Post-graduation can be an extremely stressful and confusing time. Family and friends constantly asking what your plans are can make you feel overwhelmed to meet expectations. You watch some get jobs with multi-level marketing schemes, others land jobs of their dreams, some travel cross-country for employment, and still others struggle to find work. Student to full-time transitions require patience, focus, and an open mind.

This was especially the case for students graduating during the COVID-19 pandemic. Limited entry-level opportunities were available and it was a struggle to find work. In addition, the office dynamic has changed and a lot of employers have transitioned over to remote work, which is said to be the new normal. This leaves limited opportunities for students and graduates to gain hands-on, in-person office experiences.

Remote internships are now often necessary experiences to prepare for full-time positions, and my remote internship at FischTank was the perfect opportunity to learn more about the PR industry and prepare me for what it would be like in a full-time position. From this, I have a few lessons learned that will prepare other professionals making the student to full-time transition: 

  • Ask Questions – Have the confidence to ask questions so you can put your best foot forward to complete a new task or project to the best of your ability.  Ask your managers and co-workers for feedback as well. This will help you grow as a professional. Take note of the work your colleagues are doing, to use as an example or reference for your future work.
  • Have Patience with Yourself – Scrolling through social media can be very discouraging for young graduates, as you see others land their “dream jobs” while you continue to search. This is the time when you are discovering who and where you are and what you want. The most important thing is to be aware of what is driving you and use this to set up personal goals for yourself that aren’t based on social pressures. Don’t be discouraged by not instantly excelling. Take your job one day at a time.

    One of the biggest problems with our generation is how much we expect off the bat. You need to earn your place, develop your skills, and regularly be checking in with your managers or senior staff on your overall progress.  Be an advocate for yourself along the way. If your workload is too much, reach out to your senior staff or directly to your boss. Sometimes it’s going to be hard but don’t give up and continue to push yourself.  
  • Get into a Routine – It’s a lot easier to start a bad routine than a healthy one. Don’t continue your college oversleeping habits and unhealthy eating routines. Start adjusting your sleep schedule as soon as you can. Getting a full night’s rest will make the day run a lot smoother. It’s crucial to create a healthy routine. Get up earlier than your start time and do something for your mental health: morning yoga, taking yourself or your pet for a walk, or run, journaling, listening to music, or a podcast. These will be different for everyone, the point being is to continue your hobbies and find new ones. Work is a part of your life, but it should never be your whole life. Avoiding potential burnout is critical.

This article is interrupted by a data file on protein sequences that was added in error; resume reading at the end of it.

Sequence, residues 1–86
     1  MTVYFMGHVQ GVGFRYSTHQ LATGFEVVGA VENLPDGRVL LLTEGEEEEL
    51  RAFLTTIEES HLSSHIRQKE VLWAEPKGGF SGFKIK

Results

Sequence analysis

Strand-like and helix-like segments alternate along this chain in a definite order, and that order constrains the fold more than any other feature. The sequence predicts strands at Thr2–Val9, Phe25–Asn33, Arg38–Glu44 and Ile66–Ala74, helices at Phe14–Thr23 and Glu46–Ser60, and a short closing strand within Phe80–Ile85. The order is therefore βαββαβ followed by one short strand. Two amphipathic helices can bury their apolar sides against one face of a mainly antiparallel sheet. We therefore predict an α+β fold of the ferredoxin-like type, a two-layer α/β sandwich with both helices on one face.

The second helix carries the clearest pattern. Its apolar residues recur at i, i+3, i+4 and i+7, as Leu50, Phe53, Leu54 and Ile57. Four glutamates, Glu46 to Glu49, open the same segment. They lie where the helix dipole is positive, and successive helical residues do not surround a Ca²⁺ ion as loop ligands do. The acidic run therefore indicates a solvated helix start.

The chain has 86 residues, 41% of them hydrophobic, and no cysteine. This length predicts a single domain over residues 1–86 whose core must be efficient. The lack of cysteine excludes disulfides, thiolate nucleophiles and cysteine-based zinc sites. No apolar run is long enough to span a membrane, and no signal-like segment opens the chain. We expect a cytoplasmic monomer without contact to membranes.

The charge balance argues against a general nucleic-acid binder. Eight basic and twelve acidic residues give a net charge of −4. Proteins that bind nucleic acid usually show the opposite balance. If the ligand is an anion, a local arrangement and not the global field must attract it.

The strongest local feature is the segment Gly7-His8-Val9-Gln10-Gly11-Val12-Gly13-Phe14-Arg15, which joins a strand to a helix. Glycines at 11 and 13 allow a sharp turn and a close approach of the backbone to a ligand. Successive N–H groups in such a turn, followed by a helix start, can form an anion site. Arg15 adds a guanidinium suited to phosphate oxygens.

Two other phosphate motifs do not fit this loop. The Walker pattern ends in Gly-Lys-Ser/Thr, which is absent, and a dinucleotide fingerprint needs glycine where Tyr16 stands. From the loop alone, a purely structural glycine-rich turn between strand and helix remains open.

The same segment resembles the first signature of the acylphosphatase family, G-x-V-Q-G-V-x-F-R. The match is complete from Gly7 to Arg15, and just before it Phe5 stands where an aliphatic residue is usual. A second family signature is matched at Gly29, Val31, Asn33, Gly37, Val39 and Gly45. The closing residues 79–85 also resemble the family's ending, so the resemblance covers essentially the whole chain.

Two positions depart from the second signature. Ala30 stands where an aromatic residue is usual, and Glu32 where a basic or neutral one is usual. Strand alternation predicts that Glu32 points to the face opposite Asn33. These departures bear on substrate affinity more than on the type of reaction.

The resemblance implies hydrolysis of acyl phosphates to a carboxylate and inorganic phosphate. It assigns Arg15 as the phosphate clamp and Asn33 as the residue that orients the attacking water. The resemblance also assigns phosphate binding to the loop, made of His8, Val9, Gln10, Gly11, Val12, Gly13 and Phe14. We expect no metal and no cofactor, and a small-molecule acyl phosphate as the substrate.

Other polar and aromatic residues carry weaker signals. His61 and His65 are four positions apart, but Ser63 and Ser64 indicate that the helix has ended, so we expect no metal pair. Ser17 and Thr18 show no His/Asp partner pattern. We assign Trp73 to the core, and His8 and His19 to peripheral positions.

• Stay Organized – When it comes to planning out your work routine, use a calendar to schedule your day. Learn your daily tasks and routine and find the best way to manage your time. One trick I learned that provides a visual is color coding each task down by how long each should take, this helps me stay on track. If you are working from home this means managing your time wisely, being on top of your responsibilities, and finding a way that works for you to succeed. Check-in with your manager to understand what is a priority vs. what tasks or projects are long-term.  
  • Continue to Learn – If you notice you have too much free time, reach out and offer to help with different responsibilities. This is your chance to demonstrate your proactive mindset and take on new tasks that prove what you are capable of. It is important to take initiative in your own role too, so look at every opportunity to expand your knowledge, and be open to others’ advice. New opportunities may be found by attending professional development workshops/seminars, participating/enrolling in online courses, speaking as a guest speaker for your university, etc. Depending on what you are looking for, there are many free courses available through programs like LinkedIn Learning and Muck Rack.

The transition from being a full-time student to full-time employee can be overwhelming, but it doesn’t have to be. Handle what is in your control and do everything to prepare yourself before you graduate and begin your career. Constructive feedback, and yes that often means criticism, is essential for your career. Don’t sweat the small stuff. Look up to your senior staff for advice, build strong relationships, and take it a day at a time. Don’t be intimidated to ask for help. Be patient with yourself, learn your role, find a routine that works for you, stay organized, and follow these tips to make an easier transition. 

Looking to make a student to full-time employee transition? FischTank PR is hiring for its 2022 Summer Intern class! Please reach out to [email protected] to learn more.

FischTank PRkaren boylepr firmstudent to full-time

Karen Boyle

Karen Boyle is an Account Executive with FischTank PR.

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